The bipartisan Genetic Information Nondiscrimination Act (S. 306 and H.R. 1227) will establish strong protections against discrimination based on genetic information both in health insurance and employment. Support for the bill has come from a wide range of organizations representing patients, medical professionals, families and employers. All Americans should be given the comprehensive protections against genetic discrimination in health insurance and employment.

With regard to health insurance discrimination, the bill will:

Prohibit enrollment restriction and premium adjustment on the basis of genetic information or genetic services;

Prevent health plans and insurers from requesting or requiring that an individual take a genetic test;

Prevent health plans and insurers from pursuing or being provided information on predictive genetic information or genetic services prior to enrollment–the time when this information is most likely to be used in making enrollment decisions; and Cover all health insurance programs, including those regulated by the federal government under ERISA, state-regulated plans, Medigap, and the individual market.

With regard to employment discrimination, the bill will:

Prohibit discrimination in hiring, compensation, and other personnel processes;

Prohibit the collection of genetic information, and allow genetic testing only to monitor the adverse effects of hazardous workplace exposures;

Require genetic information possessed by employers to be confidentially maintained and disclosed only to the employee or under other tightly controlled circumstances; and Cover employers, employment agencies, labor organizations, and training programs.

Please urge your Representative to vote for strong genetic nondiscrimination legislation. If your Representative or Senators are cosponsors of either S. 306 or H.R. 1227, please thank him or her.

Federal Funding

On December 21, 2005 Congress passed the Departments of Labor, Health and Human Services, and Education, and Related Agencies Appropriations Act of 2006, which included $1.8 million to continue to fund the Tourette Syndrome Public Health Education and Research Program at the Centers for Disease Control and Prevention (CDC).

As you know, this program was authorized in 2000 with the passage of the Children’s Health Act. For the last three years, TSA has been advocating Congress to receive funding for this program. In 2001, TSA was able to get report language in the Senate Labor, Health and Human Services, Education and Related Agencies Appropriation bill (S. Rept. 107-84) urging the National Institutes of Mental Health to develop a public education program that would reach parents, educators, pediatricians, family physicians, and other health care professionals. Unfortunately TS was not included in the final conference report that year. In 2002, TSA was unsuccessful at receiving language or funding. In January 2004, Congress passed the Consolidated Appropriations Act of 2004, which included $1.5 million for the creation of a Tourette Syndrome Public Health Education and Research Program. Also, in 2004, Congress passed another Consolidated Appropriations Act of 2005, which included $1.8 million to continue to fund the Tourette Syndrome Program at the CDC.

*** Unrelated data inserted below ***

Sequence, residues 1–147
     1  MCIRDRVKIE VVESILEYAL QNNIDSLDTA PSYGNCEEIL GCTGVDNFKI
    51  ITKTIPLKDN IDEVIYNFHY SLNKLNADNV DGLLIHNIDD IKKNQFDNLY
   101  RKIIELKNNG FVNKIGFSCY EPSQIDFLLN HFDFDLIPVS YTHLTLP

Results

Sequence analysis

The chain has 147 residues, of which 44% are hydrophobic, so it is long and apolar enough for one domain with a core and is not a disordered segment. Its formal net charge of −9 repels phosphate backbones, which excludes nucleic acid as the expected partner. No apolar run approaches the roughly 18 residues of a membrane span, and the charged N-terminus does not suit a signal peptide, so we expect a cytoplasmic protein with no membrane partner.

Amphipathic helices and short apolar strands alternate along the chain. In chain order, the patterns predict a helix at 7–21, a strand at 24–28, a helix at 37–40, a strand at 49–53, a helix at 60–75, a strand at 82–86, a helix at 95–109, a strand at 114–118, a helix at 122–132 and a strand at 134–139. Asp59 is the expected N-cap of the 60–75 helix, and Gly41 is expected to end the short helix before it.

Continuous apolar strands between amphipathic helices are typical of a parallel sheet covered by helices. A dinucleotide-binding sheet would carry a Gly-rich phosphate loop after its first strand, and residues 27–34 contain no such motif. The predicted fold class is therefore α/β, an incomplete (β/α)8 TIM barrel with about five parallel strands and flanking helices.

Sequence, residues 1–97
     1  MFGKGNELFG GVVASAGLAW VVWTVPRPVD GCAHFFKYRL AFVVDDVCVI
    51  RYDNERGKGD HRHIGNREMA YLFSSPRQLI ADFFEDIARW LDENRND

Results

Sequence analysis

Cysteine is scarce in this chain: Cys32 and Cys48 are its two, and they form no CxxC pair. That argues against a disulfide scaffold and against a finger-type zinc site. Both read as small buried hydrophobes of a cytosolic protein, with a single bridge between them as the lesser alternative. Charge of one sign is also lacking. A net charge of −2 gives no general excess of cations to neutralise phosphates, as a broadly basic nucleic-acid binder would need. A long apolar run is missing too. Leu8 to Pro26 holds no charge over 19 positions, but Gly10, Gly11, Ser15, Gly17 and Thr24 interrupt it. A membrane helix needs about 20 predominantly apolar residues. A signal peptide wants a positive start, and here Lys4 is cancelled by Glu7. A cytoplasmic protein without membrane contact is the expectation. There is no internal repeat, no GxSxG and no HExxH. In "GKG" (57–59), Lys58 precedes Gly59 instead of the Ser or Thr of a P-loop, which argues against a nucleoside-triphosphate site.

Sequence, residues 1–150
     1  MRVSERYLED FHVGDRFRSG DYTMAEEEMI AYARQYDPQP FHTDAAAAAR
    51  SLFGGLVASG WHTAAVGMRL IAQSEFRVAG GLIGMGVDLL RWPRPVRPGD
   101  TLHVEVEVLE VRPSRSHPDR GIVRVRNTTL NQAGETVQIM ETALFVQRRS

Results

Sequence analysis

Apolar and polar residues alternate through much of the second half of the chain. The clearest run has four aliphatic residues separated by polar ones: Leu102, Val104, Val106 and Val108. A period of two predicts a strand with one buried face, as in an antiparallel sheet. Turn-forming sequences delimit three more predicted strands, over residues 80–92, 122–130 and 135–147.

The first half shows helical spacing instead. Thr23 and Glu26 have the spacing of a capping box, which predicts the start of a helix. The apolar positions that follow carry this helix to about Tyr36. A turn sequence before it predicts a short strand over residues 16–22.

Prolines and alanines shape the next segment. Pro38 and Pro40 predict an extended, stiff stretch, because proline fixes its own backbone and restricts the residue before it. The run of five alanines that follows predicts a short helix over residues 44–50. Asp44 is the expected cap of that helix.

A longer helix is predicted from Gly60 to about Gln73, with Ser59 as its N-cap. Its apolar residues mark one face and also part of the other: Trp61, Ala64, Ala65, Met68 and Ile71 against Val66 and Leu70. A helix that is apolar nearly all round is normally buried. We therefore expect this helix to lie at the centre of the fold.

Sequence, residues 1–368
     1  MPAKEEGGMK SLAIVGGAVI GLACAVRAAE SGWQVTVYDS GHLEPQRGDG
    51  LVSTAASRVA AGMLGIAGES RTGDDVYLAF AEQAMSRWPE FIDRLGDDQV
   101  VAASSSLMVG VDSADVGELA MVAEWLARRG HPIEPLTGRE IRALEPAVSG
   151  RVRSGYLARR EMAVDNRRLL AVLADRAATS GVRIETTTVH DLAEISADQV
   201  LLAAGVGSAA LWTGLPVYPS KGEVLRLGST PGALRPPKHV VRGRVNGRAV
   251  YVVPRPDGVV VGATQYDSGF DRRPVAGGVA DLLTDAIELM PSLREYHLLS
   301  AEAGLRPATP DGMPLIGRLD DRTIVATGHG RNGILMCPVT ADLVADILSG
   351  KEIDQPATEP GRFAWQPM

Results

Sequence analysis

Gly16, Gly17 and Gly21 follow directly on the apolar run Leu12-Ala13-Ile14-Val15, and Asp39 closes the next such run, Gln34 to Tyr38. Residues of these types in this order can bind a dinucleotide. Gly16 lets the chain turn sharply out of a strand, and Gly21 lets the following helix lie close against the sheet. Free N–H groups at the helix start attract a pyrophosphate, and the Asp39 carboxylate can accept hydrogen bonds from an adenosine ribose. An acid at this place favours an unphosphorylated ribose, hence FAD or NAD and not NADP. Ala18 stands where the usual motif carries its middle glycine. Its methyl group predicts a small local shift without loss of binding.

This year TSA is going back to Congress to ask for continued funding of the Tourette Syndrome Program at the CDC. Our appropriations request is for $1.8 million (flat-funding) for the CDC to continue to educate parents, physicians, educators and other health care workers about the disorder and to expand on the scientific knowledge base on prevalence, risk factors and co-morbidities of TS.

The education program will provide education and intensive training for the public, physicians, allied health care workers, and teachers about TS. The objectives are to increase recognition and diagnosis of the disorder, decrease the stigma attached to the disorder, increase the provision of and improve the nature of treatments for those with the disorder, decrease negative impacts on families dealing with the disorder, and improve academic outcomes for children with TS. The program will use many vehicles to achieve the above, including, (1) multi-track conferences where experts in the field will give lectures and workshops; (2) grand rounds in teaching hospitals; (3) development of new materials containing the most current information on TS; and (4) distribution of new and existing materials in written, video, and CD-ROM formats. The program will particularly focus on reaching the target audiences in traditionally under-served communities.

To address important gaps in scientific knowledge regarding TS, the research component of the program will seek to determine the prevalence of the disorder in the general population, any variations in prevalence among different subgroups, such as male and female, and the frequency of co-occurring disorders such as Attention Deficit Hyperactivity Disorder and Obsessive-Compulsive Disorder. The research will improve upon pervious more limited and isolated investigations of this issue by examining a large and varied population, using uniform criteria reflecting the most current knowledge in the field, and employing proven epidemiological methods.

Please urge your Senators and Representative to support continued funding for the Tourette Syndrome Public Health Education and Research Program.